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Edwin R. Bayley, 84; Journalist, Author

October 30, 2002|Mary Rourke | Times Staff Writer

Edwin R. Bayley, who died Sunday at the age of 84 in Green Bay, Wis., was the founding dean of the graduate school of journalism at UC Berkeley and a searing critic of his fellow journalists for failing to challenge Sen. Joseph McCarthy's sensationalist campaign against communism in the early 1950s.

Bayley was a Wisconsin political reporter during the McCarthy era. More recently he divided his time between Carmel and Door County, Wis. He had been in failing health for several months.

A political reporter turned media analyst, Bayley published "Joe McCarthy and the Press" in 1981, tracking McCarthy's rise to power and the press corps' tacit acceptance of his sensationalist statements. Perhaps the most shocking charge came in 1950, when McCarthy claimed to have a list of 205 communists working in the State Department. Bayley combed 131 newspapers' coverage of the incident and concluded that too few reporters demanded, "Show us the list."

As chief political reporter for the Milwaukee Journal from 1947 to 1959, Bayley helped his newspaper earn a reputation as an adversary of the headline-grabbing senator. Once, at a political rally that Bayley was covering, McCarthy singled him out. "Stand up Ed," he said, "let the people see what a communist looks like."

Born in Chicago and raised in Wisconsin, Bayley got his introduction to journalism working on the school newspaper at Lawrence College in Appleton, where he graduated as an English major. He went on to do graduate work at Yale, where he met his future wife, Monica Worsley.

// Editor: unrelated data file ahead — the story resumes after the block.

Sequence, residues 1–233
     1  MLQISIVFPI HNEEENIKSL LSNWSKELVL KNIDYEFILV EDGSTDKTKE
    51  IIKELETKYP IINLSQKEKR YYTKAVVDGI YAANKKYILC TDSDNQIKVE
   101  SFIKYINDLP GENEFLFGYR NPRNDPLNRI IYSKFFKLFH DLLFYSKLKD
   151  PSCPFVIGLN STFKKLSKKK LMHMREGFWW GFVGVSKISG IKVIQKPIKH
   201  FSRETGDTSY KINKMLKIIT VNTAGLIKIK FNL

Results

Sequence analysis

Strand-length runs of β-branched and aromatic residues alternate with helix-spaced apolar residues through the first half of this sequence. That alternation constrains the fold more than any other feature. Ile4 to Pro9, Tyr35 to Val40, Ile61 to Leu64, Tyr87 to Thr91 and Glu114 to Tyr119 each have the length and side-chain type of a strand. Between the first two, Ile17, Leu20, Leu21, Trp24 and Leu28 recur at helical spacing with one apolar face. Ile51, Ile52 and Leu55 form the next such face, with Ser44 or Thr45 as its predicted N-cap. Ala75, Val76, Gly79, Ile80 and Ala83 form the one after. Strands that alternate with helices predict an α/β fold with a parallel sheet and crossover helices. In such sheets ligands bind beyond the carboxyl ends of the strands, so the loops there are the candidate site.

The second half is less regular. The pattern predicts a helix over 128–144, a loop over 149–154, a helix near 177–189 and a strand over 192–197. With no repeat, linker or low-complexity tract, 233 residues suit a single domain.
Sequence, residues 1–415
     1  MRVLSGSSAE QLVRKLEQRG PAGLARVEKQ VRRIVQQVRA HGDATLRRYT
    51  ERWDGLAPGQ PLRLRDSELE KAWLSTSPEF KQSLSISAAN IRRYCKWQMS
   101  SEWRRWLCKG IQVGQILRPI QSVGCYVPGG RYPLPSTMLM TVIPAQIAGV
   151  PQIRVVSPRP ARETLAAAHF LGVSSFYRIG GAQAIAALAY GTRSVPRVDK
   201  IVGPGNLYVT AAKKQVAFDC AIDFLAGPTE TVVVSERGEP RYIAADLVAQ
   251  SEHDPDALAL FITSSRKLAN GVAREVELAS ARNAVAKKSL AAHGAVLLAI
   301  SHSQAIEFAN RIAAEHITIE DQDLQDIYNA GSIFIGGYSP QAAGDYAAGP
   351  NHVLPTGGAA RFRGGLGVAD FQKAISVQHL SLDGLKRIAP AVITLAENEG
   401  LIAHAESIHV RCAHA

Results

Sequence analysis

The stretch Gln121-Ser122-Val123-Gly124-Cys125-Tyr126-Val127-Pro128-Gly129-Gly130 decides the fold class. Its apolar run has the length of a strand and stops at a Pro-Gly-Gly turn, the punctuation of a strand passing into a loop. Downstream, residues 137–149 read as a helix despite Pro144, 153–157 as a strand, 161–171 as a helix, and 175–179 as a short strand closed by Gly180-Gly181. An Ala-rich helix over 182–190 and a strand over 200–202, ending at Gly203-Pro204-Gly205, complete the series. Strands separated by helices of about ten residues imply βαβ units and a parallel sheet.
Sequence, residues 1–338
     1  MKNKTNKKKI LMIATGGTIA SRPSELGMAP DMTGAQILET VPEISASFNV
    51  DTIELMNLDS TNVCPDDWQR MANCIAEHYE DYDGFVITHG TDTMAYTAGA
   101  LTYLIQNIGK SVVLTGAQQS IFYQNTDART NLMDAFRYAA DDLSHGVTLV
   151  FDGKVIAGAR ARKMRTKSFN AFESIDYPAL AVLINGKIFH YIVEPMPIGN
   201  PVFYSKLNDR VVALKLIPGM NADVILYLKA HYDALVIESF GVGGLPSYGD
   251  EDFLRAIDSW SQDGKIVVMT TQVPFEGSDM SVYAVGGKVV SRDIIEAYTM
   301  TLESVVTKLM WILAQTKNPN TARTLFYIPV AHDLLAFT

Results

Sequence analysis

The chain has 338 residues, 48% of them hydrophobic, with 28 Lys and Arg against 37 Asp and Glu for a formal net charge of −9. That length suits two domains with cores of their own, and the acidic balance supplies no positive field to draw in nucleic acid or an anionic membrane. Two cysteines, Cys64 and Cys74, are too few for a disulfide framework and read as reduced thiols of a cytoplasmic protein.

During World War II, he served as a gunnery officer in the Pacific and joined the Milwaukee Journal after the war, covering local politics as well as three presidential campaigns from 1948 to 1956.

He left journalism in 1959 to work as a speech writer and chief of staff for Wisconsin Gov. Gaylord Nelson. In the early 1960s he was a special assistant on the staff of President Kennedy and went on to become editor of public affairs programming for National Educational Television in 1962.

Bayley was named a professor and dean of UC Berkeley's graduate school of journalism in 1969. When he retired 16 years later, the faculty had grown from seven to 12 members and enrollment rose from 50 to 75 students. During his tenure, he dropped courses on public relations, extended degree requirements to two years of study and began a program for minority journalists.

Among his academic honors and professional awards were the Berkeley Citation, the highest honor awarded by the university, and the George Polk Award for his book on McCarthy.

Bayley is survived by a daughter, Mary Fisk; a son, Thomas; a granddaughter; and a sister. A memorial service is pending.

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